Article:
Rain or no rain, food prices only seem to be going up. In July High food prices took inflation to more than 6%, the highest in nearly two years. This also shows that the slope of inflation continues to be going up (dark blue line below) and strongly so.
The component check shows that food is the biggest culprit at 8%. But housing has also gone up after the change in the salaries of public sector employees (which is factored into the housing component of the CPI through their housing rent allowances).
Fuel is at a low of less than 3%.
Both Urban and Rural inflation are going up, but it’s surprising that despite a good monsoon prices in the rural economy aren’t coming down. It’s mostly food in the rural economy.
Core CPI – that is, without including food or fuel – is still reasonable at 4.5%. However since food and fuel are such a big part of the Indian consumption basket, the concerns of inflation in the food component trump everything else.
Of course this eliminates chances of big rate cuts, because the government and RBI have n inflation target of 4% with a 2% buffer on both sides. This data now breaches that upper limit of 6%, so there has to be a strong effort to curb the rise in food prices.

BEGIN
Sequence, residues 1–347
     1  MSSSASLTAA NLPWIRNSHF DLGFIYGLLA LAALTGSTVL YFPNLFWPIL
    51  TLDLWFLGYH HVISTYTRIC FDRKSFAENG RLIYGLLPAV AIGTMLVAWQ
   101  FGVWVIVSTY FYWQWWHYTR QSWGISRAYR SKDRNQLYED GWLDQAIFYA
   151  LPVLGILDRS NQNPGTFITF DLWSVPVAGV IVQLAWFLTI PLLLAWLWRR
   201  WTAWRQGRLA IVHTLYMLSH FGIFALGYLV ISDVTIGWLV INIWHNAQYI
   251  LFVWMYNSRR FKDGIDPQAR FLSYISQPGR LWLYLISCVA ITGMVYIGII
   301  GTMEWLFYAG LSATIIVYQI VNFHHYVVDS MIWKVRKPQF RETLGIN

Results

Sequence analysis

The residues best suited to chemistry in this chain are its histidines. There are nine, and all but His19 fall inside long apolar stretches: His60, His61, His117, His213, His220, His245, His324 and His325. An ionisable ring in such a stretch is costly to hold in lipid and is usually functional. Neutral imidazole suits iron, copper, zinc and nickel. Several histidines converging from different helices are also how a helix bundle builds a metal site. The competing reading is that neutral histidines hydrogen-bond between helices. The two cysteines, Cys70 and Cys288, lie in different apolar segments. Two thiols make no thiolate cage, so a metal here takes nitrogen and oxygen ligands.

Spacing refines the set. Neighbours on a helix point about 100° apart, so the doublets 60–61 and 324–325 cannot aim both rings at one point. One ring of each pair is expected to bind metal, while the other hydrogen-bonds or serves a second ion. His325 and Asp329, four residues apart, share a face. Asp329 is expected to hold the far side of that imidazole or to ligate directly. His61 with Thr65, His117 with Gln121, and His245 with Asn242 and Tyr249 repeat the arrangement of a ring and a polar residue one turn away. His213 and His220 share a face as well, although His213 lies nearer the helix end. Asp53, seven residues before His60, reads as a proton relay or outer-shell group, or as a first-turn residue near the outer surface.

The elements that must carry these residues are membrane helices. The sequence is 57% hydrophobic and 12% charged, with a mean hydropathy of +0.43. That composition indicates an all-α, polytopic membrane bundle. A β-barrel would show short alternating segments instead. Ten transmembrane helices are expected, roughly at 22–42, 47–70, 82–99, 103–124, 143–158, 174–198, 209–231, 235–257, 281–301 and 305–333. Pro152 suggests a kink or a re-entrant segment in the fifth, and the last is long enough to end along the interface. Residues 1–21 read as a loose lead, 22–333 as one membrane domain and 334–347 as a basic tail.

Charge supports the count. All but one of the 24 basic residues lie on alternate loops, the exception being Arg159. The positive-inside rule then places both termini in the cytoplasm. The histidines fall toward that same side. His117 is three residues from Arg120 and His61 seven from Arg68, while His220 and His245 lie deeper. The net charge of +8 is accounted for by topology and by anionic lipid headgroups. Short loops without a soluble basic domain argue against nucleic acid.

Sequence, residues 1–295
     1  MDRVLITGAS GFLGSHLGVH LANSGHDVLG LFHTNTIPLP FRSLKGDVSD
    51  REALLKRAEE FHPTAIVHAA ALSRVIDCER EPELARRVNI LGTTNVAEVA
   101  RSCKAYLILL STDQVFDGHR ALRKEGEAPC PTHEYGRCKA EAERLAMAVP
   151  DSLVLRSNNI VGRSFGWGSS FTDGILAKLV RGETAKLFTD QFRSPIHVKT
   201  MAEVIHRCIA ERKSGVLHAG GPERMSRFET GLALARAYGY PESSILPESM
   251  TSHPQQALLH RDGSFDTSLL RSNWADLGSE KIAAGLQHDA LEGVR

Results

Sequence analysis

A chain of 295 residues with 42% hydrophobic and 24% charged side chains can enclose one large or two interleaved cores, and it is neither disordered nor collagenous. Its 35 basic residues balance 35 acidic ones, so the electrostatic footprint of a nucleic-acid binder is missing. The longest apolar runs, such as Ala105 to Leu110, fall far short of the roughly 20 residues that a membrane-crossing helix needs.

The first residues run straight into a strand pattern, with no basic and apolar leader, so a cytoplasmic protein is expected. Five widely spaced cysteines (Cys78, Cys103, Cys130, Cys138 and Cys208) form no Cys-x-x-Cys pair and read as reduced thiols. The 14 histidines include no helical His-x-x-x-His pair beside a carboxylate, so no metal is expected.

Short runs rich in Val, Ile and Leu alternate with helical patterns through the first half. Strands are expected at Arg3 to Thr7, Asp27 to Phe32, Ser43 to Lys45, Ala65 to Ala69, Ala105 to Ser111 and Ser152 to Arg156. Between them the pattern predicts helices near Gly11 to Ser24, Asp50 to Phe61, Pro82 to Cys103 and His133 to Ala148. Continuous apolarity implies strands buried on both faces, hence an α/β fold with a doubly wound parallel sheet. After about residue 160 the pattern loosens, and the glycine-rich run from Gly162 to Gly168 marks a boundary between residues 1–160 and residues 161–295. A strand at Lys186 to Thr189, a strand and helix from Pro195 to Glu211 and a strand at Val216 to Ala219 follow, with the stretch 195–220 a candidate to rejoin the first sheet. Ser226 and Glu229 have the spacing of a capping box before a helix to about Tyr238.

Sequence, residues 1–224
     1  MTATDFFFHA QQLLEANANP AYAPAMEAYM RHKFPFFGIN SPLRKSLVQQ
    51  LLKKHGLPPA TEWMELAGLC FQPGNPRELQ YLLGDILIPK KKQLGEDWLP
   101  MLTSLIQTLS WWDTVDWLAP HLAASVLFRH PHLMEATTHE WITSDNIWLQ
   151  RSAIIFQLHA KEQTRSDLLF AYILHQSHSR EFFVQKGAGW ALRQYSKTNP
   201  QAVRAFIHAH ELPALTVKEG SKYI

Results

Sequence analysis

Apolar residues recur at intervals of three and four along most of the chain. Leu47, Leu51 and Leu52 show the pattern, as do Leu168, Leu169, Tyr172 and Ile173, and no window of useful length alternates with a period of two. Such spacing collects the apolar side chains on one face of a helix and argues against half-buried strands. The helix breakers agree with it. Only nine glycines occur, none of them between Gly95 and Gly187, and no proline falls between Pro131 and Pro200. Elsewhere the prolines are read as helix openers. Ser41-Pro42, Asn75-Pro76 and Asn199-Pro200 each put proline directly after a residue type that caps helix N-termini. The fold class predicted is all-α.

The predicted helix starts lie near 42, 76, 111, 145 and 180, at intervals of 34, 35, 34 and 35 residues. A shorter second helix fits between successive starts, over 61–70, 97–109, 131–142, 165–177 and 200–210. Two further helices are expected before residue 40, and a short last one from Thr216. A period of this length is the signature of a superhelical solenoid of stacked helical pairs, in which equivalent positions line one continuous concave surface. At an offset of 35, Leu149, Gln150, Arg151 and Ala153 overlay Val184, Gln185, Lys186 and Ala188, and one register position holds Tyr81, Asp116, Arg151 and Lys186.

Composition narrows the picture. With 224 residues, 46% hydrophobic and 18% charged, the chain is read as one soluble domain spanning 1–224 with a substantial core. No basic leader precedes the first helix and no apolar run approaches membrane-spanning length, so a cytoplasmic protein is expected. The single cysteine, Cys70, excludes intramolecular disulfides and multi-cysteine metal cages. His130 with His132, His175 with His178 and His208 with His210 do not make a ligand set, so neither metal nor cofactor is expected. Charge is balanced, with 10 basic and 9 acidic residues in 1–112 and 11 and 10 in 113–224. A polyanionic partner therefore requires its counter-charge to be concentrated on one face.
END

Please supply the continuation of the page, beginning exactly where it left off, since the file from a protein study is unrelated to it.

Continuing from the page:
Within food, the biggest changes are in Sugar (22% inflation), Pulses (27%), Vegetables (14%) and Egg (9%). Sugar prices continue to be at a high, and Pulses prices may only reduce in three months.
We believe there could be an element of sugar price control (since the government controls a lot of the industry through regulation). Pulses and Egg reflect the shift from the carbohydrate heavy diets to more focus on protein, and supply isn’t being massaged appropriately. We should expect more action here too. Overall, a disappointing number but hopefully, will instigate action within the authorities.